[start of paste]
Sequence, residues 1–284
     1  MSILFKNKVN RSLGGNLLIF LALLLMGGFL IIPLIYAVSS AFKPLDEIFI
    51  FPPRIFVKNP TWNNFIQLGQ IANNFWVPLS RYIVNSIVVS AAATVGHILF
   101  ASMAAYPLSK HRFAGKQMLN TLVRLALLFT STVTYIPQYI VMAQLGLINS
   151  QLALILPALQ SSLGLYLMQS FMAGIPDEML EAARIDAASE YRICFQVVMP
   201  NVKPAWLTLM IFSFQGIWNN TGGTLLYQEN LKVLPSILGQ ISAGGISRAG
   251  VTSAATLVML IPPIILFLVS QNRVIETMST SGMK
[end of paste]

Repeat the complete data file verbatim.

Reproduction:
Sequence, residues 1–284
     1  MSILFKNKVN RSLGGNLLIF LALLLMGGFL IIPLIYAVSS AFKPLDEIFI
    51  FPPRIFVKNP TWNNFIQLGQ IANNFWVPLS RYIVNSIVVS AAATVGHILF
   101  ASMAAYPLSK HRFAGKQMLN TLVRLALLFT STVTYIPQYI VMAQLGLINS
   151  QLALILPALQ SSLGLYLMQS FMAGIPDEML EAARIDAASE YRICFQVVMP
   201  NVKPAWLTLM IFSFQGIWNN TGGTLLYQEN LKVLPSILGQ ISAGGISRAG
   251  VTSAATLVML IPPIILFLVS QNRVIETMST SGMK